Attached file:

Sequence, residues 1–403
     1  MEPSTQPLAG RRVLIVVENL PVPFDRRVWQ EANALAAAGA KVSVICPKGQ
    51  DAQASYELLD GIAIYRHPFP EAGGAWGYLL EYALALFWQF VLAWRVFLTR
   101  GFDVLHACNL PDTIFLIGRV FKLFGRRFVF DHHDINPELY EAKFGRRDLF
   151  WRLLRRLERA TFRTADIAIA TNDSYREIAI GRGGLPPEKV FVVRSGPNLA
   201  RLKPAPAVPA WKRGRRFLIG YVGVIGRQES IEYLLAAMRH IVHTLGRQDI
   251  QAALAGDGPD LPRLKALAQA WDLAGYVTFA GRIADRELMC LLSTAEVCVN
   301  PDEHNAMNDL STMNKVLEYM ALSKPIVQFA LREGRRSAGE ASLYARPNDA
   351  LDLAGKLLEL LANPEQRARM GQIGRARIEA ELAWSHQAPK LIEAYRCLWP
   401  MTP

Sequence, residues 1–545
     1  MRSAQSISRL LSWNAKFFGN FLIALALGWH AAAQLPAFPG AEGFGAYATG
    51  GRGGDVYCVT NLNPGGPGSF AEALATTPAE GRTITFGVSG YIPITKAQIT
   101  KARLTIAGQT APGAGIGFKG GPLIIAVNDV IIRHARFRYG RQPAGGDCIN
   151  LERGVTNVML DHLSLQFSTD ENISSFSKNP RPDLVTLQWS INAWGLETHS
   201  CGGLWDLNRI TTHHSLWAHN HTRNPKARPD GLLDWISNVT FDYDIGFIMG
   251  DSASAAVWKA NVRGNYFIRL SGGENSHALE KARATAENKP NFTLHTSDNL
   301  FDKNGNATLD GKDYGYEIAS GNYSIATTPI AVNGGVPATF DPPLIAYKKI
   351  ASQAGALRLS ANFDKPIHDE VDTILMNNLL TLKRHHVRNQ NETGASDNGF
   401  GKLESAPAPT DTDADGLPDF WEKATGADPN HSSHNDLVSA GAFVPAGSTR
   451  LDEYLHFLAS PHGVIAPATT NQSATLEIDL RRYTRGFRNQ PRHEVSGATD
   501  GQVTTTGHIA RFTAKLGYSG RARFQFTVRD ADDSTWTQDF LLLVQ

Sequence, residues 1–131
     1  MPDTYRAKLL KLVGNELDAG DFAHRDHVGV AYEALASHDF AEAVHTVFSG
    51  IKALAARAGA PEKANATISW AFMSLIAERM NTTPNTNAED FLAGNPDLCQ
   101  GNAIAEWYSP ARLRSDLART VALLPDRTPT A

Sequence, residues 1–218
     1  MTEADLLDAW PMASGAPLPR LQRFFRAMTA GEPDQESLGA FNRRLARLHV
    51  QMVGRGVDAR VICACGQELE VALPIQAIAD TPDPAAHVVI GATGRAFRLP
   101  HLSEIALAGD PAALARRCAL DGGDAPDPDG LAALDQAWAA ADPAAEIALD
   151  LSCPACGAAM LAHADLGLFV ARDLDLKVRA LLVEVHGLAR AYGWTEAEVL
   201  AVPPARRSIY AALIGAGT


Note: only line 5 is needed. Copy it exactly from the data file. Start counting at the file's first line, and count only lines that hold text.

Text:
   151  WRLLRRLERA TFRTADIAIA TNDSYREIAI GRGGLPPEKV FVVRSGPNLA